In my last write up, in which I discussed my take on 1992’s Candyman,
Candyman (1992): White Ignorance Of Black Privilege
Why one subplot of Clive Barker’s urban Folk Horror revolves around Bernadette and the terror of unfamiliar…
I wrote that both Helen Lyle and Bernadette Walsh, a black and white duo of graduate students:
“Carelessly seek ‘truth’ in the wrong part of town, at the darkest hours of night, disrespectfully appropriating a way of life they cannot grasp, claiming the legacy of its pain for their own selfish financial and academic pursuits, and intruding into spaces uninvited, as if people didn’t live there — But rather were inanimate objects in a museum.“
Simply put, they are pseudo-ethnographers who feign to care about their subjects, but use their stories for their own gain.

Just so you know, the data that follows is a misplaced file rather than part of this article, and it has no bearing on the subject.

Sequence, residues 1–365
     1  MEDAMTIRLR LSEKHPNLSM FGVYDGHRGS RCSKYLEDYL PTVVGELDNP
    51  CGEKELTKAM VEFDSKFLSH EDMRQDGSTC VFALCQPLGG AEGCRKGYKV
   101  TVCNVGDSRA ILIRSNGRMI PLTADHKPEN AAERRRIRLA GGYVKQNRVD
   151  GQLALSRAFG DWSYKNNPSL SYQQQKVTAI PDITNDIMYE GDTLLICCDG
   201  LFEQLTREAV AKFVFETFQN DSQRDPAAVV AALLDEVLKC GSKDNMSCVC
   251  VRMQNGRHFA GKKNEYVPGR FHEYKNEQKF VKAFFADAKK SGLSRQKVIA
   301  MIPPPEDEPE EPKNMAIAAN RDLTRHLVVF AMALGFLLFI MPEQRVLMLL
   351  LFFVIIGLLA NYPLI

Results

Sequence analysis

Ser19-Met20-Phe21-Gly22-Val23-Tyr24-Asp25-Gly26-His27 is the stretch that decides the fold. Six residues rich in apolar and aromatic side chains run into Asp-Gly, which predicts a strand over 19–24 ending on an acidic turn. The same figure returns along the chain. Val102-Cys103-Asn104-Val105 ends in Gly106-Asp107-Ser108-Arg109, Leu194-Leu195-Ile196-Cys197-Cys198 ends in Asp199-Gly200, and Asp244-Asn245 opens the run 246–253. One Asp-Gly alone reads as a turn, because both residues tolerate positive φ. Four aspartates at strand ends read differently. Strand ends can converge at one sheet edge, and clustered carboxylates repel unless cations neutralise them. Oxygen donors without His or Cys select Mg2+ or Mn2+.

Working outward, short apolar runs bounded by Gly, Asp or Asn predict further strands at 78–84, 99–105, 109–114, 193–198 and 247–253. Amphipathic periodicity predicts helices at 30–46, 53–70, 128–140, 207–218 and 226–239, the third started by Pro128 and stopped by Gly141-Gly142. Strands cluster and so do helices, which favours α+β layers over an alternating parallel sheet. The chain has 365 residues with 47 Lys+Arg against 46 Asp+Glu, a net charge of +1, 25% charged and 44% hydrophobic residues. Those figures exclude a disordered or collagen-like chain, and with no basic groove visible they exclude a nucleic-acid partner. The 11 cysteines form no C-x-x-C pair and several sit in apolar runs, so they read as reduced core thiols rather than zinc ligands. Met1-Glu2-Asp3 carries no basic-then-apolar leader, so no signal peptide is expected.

It’s interesting that this socioeconomic dynamic isn’t as explored as much. For even in the 2021 film, the theme of writers, or in this case, artists, who steal artistic and cultural narratives from urban communities in order to make a profit, is still front and center.
Only in this instance the culture vulture is a black creative.
The film seems to say that narratives can be stolen by anyone, regardless of their background, and that karma of the highest order eventually comes to those who claim them as their own.
The curse of inauthenticity.
For Helen Lyle, who reached into the abyss, it’s the abyss who peered back into her; Turning her reality on its head and giving her a taste of what discrimination looks and feels like.
Because art, like truth, is transformative.
It can bring about change, enlightenment, justice or psychosis — Depending on the intentions of the seeker.